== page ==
Prevalence and serotype distribution of group B Streptococcus in León, Nicaragua


While under-five mortality has steadily declined since 1990, declines in neonatal mortality are less pronounced. Group B Streptococcus (GBS) disease is the most common cause of infant sepsis and meningitis, causing approximately 90,000 deaths and 56,000 stillbirths globally in 2015. Mothers with rectovaginal GBS colonization can vertically transmit GBS to infants during labour, causing early-onset GBS disease (EOD). To prevent EOD, 60 countries have instituted national policies to provide intrapartum antibiotic prophylaxis (IAP) to women with GBS colonization or who meet certain GBS risk criteria. However, lack of universal GBS screening, particularly in low- and middle-income countries (LMIC) complicates EOD prevention. Further, late-onset GBS disease (LOD) can occur with horizontal mother-infant GBS transmission after the first week of life, and cannot be prevented with IAP. A prophylactic GBS vaccine administered late in pregnancy could prevent infant GBS infection.

Investigational GBS vaccines have shown safety and immunogenicity in Phase 2 trials. However, GBS serotype distribution in LMIC are largely unknown. We propose a study in León, Nicaragua, to guide serotype-specific GBS prevention strategies. We will first collect rectovaginal samples from pregnant women to characterize GBS serotype distribution and serotype coverage of candidate pentavalent and hexavalent GBS vaccines. Next, we will describe the frequency and patterns of co-colonization with multiple GBS serotypes in colonized women. This data will improve estimates of serotype-specific GBS vaccine effectiveness, providing evidence-based guidance for GBS vaccine development and policy-making.

Project outcomes

Rectovaginal colonization with group B Streptococcus (GBS) is the primary cause of neonatal sepsis globally. To inform maternal GBS vaccine development, we present preliminary results from an ongoing study of GBS colonization in pregnant women in León, Nicaragua. 

We recruited pregnant women at public health clinics in León between 35-37 weeks gestation. We collected one vaginal and one rectal sample from each woman, and transported them to the study lab in modified Stuart’s transport medium. Samples were processed and cultured within 24 hours of collection using three methods: direct plating onto chromogenic agar for presumptive identification of GBS (CHROM); direct plating onto Columbia nalidixic acid (CNA) agar; and incubation in Todd Hewitt w/CAN (LIM) broth followed by plating onto CNA. Suspected GBS colonies underwent Gram stain, catalase test, CAMP test, and latex agglutination serology to confirm GBS. Positive serology was considered definitive for GBS colonization regardless of the culture method, and women with positive serology from either anatomical site were considered colonized with GBS.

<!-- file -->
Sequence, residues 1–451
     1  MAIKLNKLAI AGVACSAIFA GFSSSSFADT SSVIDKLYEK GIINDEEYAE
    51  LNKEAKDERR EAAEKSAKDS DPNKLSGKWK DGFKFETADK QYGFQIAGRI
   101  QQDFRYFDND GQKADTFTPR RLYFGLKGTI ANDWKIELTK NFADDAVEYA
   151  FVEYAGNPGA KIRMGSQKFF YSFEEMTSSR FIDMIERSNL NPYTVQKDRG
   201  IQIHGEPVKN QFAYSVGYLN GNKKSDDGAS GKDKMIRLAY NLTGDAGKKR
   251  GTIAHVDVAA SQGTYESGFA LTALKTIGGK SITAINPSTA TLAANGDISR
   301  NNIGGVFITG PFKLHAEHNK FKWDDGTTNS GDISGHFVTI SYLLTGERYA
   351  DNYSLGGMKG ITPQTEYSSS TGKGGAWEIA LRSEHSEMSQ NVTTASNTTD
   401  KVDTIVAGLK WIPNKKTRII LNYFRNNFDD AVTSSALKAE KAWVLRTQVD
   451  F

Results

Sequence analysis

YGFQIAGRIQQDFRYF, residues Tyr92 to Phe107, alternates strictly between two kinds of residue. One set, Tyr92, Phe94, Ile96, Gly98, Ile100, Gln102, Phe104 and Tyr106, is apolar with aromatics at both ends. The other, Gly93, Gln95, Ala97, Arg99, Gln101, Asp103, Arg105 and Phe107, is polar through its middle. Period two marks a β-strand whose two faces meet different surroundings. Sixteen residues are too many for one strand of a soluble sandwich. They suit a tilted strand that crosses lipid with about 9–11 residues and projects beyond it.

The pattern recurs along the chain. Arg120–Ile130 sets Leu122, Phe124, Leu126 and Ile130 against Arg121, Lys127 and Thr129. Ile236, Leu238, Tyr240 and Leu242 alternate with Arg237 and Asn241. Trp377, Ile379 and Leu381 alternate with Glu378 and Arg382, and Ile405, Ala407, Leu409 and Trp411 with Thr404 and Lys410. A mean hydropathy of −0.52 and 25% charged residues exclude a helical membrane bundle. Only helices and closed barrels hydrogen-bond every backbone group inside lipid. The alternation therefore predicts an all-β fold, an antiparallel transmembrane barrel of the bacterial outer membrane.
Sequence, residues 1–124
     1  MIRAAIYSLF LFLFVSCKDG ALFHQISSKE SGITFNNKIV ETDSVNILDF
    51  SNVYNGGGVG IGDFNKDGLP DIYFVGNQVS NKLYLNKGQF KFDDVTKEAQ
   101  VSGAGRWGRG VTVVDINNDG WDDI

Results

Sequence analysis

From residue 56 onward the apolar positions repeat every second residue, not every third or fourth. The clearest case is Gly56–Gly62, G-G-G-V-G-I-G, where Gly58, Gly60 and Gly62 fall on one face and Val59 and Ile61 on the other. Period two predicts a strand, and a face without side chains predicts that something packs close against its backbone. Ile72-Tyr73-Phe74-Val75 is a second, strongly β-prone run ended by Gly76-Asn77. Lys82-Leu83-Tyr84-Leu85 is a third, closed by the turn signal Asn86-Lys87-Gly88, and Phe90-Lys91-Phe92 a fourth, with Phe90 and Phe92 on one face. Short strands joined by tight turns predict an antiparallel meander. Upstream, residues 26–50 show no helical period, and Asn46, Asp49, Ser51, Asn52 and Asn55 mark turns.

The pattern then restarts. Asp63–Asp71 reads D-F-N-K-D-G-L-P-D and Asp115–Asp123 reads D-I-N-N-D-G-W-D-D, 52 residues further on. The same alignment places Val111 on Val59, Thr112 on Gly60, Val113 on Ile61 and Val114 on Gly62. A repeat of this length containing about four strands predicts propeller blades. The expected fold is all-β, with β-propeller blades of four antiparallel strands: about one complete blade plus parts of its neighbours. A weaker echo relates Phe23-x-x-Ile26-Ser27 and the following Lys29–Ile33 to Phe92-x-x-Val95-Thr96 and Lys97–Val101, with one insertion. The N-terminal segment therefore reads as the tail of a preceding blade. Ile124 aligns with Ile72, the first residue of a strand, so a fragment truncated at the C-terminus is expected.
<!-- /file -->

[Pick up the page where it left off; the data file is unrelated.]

We observed moderate agreement between culture methods: LIM versus CNA, k=0.47; LIM versus CHROM, k=0.44. Compared to serology as the gold standard, CNA culture was 30% sensitive for GBS detection; LIM was 56% sensitive; and CHROM was 76% sensitive. Based on serology, 62 women (20%) were colonized with GBS in the vagina, rectum, or both, based on bacterial culture. Thirty-six women were colonized at a single anatomical site, whereas 26 women were colonized at both sites. In two-thirds of women who were colonized with GBS, isolates were resistant to penicillin, the first-line drug for intrapartum antibiotic prophylaxis to prevent infant GBS infection.

Three colonies from each sample were randomly selected to undergo typing for any of the 10 known GBS serotypes. We identified a preponderance of types Ia (30%), II (29%), and III (19%), as well as 3 instances of co-colonization with multiple serotypes: Ib + III (n=2) and Ib + V (n=1). The distribution of GBS serotypes is consistent with regional and global estimates suggesting that types I-V account for the majority of rectovaginal colonization among pregnant women. Furthermore, all of the types detected in our study are included in candidate pentavalent and hexavalent GBS vaccines. If these vaccines are proven safe and efficacious, they could serve as a preferred alternative to penicillin-based GBS prevention, and could greatly reduce the burden of GBS colonization and subsequent infant GBS disease in Nicaragua.


Nadja VielotDr Nadja Alexandra Vielot Postdoctoral Research Associate
Family Medicine, University of North Carolina at Chapel Hill (USA)

Professor Samuel Vilchez, National University of Nicaragua, León (Nicaragua)

Professor Neil French, University of Liverpool (UK)